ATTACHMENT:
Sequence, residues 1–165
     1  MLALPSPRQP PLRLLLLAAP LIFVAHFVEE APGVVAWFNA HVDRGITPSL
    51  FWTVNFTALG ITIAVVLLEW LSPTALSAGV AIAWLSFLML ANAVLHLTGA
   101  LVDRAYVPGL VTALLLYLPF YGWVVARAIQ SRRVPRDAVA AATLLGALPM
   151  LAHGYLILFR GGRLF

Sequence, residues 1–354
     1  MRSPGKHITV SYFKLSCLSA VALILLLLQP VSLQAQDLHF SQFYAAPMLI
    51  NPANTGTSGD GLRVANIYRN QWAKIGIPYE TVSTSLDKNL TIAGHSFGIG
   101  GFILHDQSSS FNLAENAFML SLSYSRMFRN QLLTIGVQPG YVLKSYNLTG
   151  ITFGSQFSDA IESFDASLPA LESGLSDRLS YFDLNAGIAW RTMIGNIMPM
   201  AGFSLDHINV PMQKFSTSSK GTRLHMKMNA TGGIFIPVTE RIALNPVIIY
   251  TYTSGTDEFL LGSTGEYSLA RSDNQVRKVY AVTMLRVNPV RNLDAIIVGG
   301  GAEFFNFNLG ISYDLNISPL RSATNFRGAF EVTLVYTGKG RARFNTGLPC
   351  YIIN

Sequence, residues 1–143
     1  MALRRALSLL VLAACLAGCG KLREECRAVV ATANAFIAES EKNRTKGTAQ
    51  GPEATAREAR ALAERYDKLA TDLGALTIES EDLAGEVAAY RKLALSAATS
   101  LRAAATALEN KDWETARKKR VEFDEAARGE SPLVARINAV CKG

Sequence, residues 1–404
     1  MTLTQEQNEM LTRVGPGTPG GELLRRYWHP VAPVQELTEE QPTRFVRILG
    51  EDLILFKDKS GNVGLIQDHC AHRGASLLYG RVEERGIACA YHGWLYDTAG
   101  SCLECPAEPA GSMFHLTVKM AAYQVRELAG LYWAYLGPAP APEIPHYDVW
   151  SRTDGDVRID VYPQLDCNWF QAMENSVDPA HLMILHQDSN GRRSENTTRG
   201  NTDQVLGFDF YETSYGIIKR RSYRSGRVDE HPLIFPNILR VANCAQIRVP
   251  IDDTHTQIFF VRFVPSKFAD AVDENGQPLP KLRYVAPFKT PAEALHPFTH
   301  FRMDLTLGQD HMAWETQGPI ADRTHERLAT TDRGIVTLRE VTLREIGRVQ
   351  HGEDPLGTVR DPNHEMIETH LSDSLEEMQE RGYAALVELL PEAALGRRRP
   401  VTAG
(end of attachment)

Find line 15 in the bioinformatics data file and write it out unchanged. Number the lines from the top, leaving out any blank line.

Sequence, residues 1–143